Technical Abstract Search Details

Technical Abstract Details


Title 209-03 Storage Survival of Different Lactobacilli Encapsulated with Citrus Peels by Spray Drying
Presenter Paola Hernández-Carranza, Aurelio Lopez Malo, Enrique Palou, Maria Teresa Jimenez-Munguia, Universidad de las Américas Puebla, Cholula, Mexico
Abstract Microencapsulation is defined as a packaging technology of a solid, liquid, or gaseous compound that is coated with a polymer film. Among the different coating polymers proposed for probiotic encapsulation are biodegradable polymers with prebiotic effect. Orange (OP) and grapefruit (GP) peels were dried at 37 &#176;C for 24 h and ground to prepare aqueous suspensions with maltodextrin (MD), to complete a total solids content of 25% w/w. These extracts were filtered and inoculated with different strains of Lactobacilli (<i>L. casei, L. reuteri, L. rhamnosus</i>, and <i>L. acidophillus</i>) and subjected to spray drying with an inlet temperature of 145 &#176;C and a mass flux rate of 10 g/min. Powders were stored during 8 wk at 5 and 25 &#176;C and survival was evaluated weekly. The strains were also encapsulated only with MD 25% (w/w) solutions as controls and stored at the same temperatures. The population reduction of each bacteria strain before and after the spray drying process was 1 log cycle. Survival during storage after 8 wk for the strains of <i>L. casei, L. reuteri</i>, and <i>L. rhamnosus</i> was significantly higher than <i>L. acidophilus</i> since bacterial populations remained with a good viability (1x10<sup>7</sup> CFU/g), with a population reduction average of 3.5 log cycles, when using the citrus peels and MD as encapsulating agents; when these strains were encapsulated only using MD, the same population reduction average was obtained but after 5 wk. There were significant differences (p<0.05), in the bacteria population, with respect to the storage temperature of the powders, showing a higher viability in stored powders at 5 &#176;C than at 25 &#176;C. Results suggests a potential prebiotic effect of citrus peels since survival of the bacteria strains was higher using citrus peels than only MD; therefore, these and can be considered as encapsulating agents complements for probiotics with good powder properties.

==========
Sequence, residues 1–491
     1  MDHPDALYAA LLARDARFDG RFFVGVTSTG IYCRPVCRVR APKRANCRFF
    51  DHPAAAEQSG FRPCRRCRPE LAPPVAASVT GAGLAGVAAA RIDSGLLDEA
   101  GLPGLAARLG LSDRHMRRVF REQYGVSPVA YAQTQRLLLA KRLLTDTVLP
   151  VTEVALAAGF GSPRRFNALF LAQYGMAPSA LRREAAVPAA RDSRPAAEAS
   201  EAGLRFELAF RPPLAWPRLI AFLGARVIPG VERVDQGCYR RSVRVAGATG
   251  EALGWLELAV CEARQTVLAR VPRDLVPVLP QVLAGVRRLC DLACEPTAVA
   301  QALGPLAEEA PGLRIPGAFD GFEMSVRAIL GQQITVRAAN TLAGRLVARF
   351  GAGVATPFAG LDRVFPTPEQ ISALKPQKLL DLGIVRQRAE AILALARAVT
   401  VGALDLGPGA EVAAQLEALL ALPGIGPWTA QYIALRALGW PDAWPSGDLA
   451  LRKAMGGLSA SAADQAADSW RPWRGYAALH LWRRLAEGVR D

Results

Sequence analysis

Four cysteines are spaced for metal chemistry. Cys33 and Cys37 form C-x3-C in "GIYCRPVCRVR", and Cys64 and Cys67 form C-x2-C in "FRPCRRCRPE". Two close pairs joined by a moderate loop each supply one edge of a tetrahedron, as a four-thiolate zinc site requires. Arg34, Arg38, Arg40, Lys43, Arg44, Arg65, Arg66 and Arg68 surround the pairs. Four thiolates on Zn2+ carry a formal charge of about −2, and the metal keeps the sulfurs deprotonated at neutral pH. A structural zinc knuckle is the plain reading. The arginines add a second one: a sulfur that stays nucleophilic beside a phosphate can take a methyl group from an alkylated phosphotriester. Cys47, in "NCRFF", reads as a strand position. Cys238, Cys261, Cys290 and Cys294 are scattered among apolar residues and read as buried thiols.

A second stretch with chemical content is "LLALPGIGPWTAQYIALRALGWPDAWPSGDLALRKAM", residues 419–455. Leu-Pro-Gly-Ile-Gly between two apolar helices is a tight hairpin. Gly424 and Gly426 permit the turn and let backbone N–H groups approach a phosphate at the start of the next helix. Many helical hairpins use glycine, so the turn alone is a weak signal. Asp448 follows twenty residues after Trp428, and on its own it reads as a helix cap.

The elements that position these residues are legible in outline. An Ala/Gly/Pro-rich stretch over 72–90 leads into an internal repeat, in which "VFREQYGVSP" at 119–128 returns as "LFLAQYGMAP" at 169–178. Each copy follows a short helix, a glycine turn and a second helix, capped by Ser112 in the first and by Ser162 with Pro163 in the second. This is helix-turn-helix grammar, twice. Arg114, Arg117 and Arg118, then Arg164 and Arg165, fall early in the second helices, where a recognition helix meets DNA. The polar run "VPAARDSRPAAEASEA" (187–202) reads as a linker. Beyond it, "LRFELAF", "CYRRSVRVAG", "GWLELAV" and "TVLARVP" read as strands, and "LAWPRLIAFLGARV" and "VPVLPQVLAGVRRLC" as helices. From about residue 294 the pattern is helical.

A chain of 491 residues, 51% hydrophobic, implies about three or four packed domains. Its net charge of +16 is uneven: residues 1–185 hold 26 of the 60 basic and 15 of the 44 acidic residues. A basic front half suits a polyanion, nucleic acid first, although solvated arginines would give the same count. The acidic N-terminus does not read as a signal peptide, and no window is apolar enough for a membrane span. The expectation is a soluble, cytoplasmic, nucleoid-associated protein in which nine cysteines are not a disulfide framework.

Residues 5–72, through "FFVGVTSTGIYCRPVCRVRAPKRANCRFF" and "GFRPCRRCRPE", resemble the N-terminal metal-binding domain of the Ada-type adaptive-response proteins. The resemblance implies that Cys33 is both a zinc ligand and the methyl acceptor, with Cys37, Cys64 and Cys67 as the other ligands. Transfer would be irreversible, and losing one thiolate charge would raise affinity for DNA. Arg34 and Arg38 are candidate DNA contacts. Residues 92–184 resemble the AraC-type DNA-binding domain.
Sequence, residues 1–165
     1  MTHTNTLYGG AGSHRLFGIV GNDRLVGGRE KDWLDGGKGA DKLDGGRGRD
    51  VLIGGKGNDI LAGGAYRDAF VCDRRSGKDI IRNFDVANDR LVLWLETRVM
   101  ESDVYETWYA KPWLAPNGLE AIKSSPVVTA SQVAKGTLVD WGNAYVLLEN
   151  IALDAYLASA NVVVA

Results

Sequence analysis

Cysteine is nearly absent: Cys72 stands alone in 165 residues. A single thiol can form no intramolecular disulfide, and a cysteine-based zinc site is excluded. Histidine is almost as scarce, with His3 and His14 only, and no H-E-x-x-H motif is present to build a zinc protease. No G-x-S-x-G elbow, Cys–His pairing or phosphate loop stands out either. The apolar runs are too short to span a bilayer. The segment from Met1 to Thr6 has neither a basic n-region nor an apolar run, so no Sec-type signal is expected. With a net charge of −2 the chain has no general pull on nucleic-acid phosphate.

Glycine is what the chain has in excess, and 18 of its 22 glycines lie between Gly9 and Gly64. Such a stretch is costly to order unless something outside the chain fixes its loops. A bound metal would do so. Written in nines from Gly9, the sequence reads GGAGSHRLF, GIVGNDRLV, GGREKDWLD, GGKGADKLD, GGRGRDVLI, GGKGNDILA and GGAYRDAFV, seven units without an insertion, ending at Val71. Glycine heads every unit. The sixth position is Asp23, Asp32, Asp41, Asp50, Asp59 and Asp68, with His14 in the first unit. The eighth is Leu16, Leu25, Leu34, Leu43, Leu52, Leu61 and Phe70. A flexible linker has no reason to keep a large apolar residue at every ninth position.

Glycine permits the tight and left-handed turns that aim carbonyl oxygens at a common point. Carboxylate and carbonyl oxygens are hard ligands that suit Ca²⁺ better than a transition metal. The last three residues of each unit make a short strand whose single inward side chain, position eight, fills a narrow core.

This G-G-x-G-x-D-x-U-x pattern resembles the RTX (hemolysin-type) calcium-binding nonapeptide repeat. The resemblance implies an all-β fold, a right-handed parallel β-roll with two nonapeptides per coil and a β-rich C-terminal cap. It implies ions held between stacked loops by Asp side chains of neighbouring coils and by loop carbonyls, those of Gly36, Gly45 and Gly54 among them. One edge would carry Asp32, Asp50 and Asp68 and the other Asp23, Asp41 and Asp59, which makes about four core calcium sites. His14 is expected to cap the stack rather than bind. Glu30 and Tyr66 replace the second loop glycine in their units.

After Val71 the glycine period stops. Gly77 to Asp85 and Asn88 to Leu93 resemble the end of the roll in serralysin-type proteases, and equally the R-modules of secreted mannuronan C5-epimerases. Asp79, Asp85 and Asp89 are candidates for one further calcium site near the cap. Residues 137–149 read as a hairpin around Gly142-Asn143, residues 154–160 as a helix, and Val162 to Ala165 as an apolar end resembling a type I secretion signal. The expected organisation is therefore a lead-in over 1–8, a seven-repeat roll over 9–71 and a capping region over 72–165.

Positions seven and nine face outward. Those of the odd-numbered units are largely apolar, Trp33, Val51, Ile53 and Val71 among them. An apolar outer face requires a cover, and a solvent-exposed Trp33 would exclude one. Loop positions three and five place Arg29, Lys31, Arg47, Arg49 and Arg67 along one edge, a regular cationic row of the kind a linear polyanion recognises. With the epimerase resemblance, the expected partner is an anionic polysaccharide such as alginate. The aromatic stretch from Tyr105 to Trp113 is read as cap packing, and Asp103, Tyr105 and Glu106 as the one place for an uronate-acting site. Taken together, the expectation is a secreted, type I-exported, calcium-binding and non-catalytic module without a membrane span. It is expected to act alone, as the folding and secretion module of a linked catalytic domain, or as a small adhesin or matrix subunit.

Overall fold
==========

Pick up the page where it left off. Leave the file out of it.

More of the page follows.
Year/Location2013 IFT Annual Meeting, July 13 – 16, 2013, Chicago Illinois
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